I had wanted to be a doctor because I enjoyed interacting with people, listening to their stories and trying my best to make them better; yet three years had passed and I had not seen a single patient. I convinced myself that clinical years would be different, and challenged myself to continue.
It was the best decision I could have made. As I rotated through different specialties, I enjoyed each of them immensely: being hands-on in A&E was exciting, the diagnostic process of neurology was intellectually challenging, assisting in surgical procedures was eye-opening. However, general practice stood out for me as the career I wanted to pursue.
For me, the fact that anything could come through the door is incredibly exciting. In one morning, a GP can see patients ranging from a 6-week-old baby to a 92-year-old gentleman.
Patients will present with a range of medical conditions from simple musculoskeletal back pain to cord compression – a neurological emergency. I would argue that there is never a dull moment in general practice as the variety of patients and their clinical presentations is second to none.
Patient-centred care at its best
What's more, general practice demonstrates patient-centred care at its best. Each patient is treated as an individual rather than an illness.
I have always found that when I clerk patients on the wards, the stories they tell are what stay in my mind. I will never forget the cello player who can never play again due to his MS, the kindergarten teacher who fainted in the classroom during a thyroid storm, or the elderly ladies who looked after each other all their lives, and who requested hospital beds next to each other at the end of their lives.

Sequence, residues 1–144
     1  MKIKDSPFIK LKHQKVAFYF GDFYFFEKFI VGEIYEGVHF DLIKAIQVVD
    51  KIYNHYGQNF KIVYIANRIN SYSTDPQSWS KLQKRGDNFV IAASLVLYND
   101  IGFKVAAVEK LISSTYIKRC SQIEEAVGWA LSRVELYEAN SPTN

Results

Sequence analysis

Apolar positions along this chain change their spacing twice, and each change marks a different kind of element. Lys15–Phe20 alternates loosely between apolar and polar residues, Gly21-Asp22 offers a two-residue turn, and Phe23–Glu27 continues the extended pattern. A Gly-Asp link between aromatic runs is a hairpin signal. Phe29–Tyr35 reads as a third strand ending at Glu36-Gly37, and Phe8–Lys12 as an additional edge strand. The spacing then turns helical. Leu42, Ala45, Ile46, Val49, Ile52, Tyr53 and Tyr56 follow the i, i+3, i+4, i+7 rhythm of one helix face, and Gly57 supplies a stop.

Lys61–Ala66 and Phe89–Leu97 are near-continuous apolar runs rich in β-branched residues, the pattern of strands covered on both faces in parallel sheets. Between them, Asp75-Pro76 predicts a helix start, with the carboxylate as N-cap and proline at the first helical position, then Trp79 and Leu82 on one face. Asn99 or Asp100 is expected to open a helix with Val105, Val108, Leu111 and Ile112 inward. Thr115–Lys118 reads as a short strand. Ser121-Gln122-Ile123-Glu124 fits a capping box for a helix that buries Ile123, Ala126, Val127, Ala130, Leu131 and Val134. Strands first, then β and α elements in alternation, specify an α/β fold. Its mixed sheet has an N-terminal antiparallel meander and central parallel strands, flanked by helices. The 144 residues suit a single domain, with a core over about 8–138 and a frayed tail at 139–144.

I love that in general practice we are able to explore further how patients’ health impact their lives, rather than placing the illness at the centre of the conversation.
I also enjoy the holistic approach of general practice. GPs are often in charge of co-ordinating the patient’s care and being their advocate. By working with members of the multidisciplinary team, GPs are able to provide care driven by the patient’s needs in a wider social context. In addition, GPs can provide continuity of care.
I always wonder what happens to patients whom I meet in hospital after they are discharged, and often I’ll never know. The beauty of general practice, in my opinion, is the privilege of following a patient’s journey and providing them with care, ‘from cradle to grave’.
I believe that general practice is the most vital part of the NHS. While it is facing ongoing administrative challenges and a recruitment crisis, it is important for all of us to remember how fascinating and rewarding it is to be a GP, and continue to provide the best care we can for our patients.
- Maggie Cheung is a year 5 medical student at University College London